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    Re: Driving someone elses car on your insurance

    Quote Originally Posted by Saracen View Post
    Yes, but the issue will be proving it.
    My ISP offered free migration if I signed up online. Unfortunately, the site wouldn't take my phone number so I phoned. The operator agreed to waive the setup fee in my circumstances.

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    What am I going to do? Cancel the direct debit and end up cut off and getting harassed by debt collection agencies? No, I'm going to get angry and move on. They win again.

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    Re: Driving someone elses car on your insurance

    Quote Originally Posted by Saracen View Post
    The advice, therefore, remains ... never sign before reading, and I mean read, not quickly skim.
    Oh absolutely, it's amazing how "improper" that seems though. I recently signed a tenancy agreement on a rental property and the estate agent (I know, I know ) got incredibly shirty when I began asking her various questions to confirm I had understood the terms of the agreement correctly, and even more so when my girlfriend requested a copy of the gas safety certificate.

    Anyway, I shall cease my attempt to drag the thread off-topic!

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    Re: Driving someone elses car on your insurance

    Quote Originally Posted by Konan555 View Post
    My ISP offered free migration if I signed up online. Unfortunately, the site wouldn't take my phone number so I phoned. The operator agreed to waive the setup fee in my circumstances.

    I got charged. Strangely, there's 'no record' of the operator agreeing to remove the charge.

    What am I going to do? Cancel the direct debit and end up cut off and getting harassed by debt collection agencies? No, I'm going to get angry and move on. They win again.
    Sadly, there's more than a grain of truth in the old Goldwyn-ism about a verbal contract not being worth the paper it's written on.
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    Re: Driving someone elses car on your insurance

    Insurance companies started removing this entitlement a few years ago when everything started becoming extra to make their costs seem cheaper.

    Also don't forget its 3rd party cover providing the car is covered by a separate policy.

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    Re: Driving someone elses car on your insurance

    Quote Originally Posted by Saracen View Post
    Sadly, there's more than a grain of truth in the old Goldwyn-ism about a verbal contract not being worth the paper it's written on.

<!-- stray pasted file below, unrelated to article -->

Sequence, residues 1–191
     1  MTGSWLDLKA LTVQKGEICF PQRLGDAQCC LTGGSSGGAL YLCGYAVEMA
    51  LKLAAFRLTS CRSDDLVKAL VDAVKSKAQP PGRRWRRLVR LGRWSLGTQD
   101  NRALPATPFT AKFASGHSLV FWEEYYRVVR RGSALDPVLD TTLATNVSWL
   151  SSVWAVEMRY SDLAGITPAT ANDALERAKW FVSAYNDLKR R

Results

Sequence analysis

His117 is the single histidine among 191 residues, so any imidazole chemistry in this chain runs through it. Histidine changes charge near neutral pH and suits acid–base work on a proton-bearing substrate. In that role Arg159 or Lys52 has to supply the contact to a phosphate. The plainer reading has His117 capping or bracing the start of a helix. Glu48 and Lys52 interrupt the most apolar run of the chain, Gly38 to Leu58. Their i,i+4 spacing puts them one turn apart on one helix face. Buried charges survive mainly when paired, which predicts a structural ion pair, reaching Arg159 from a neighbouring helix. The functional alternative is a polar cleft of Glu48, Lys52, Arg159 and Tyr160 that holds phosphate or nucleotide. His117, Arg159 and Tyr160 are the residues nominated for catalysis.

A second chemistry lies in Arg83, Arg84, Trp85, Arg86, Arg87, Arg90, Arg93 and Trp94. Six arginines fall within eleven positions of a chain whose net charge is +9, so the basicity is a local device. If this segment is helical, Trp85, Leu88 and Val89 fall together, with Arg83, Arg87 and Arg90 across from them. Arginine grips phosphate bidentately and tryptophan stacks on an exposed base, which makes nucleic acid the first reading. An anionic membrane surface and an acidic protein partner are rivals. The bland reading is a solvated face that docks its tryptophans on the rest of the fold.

I'm sure I was taught at university that a verbal contract is legally enforceable under UK law?

    Re: the original question, I'm 95% sure that my TPFT cover provides me with TPO cover to drive other people's cars with their permission, though I will check if I ever actually need to do that. So you don't necessarily need Fully Comp.

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    Re: Driving someone elses car on your insurance

    Don't some companies exclude spouses vehicles from this too? Just in case that was the plan


    Also: Re the ISP - do they not record calls?

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    Re: Driving someone elses car on your insurance

    Make sure you read those conditions. mine states I can drive another persons car (it will be 3rd party coverage) as long as, that car is also under some kind of insurance...I and have permission.

    Also, I think if they are covered by company insurance (someone else company car etc), then I can't drive em.

    And I'm guessing they'll be some performance / spec / value conditions. I'm pretty sure I can't just jump in my best mates Veyron (wow, if my best mate had one) and expect to be instantly covered! Albeit on 3rd party.

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    Re: Driving someone elses car on your insurance

    I nearly fell into this "trap" myself a few years ago - I had my insurance with Swiftcover at the time, and when I turned 25 I thought that I would be able to driver other vehicles (Specifically I wanted to borrow my Dad's MX-5 for the weekend).

    Couldn't find any mention of the entitlement on my policy documents so I phoned them up - and they said I was not covered until my renewal, and that when I renewed they would add it to my policy FOC.

    My current insurance through first direct offers me it though, again at no extra cost.

    So check with your insurer, they will clear it up in moments if you give them a call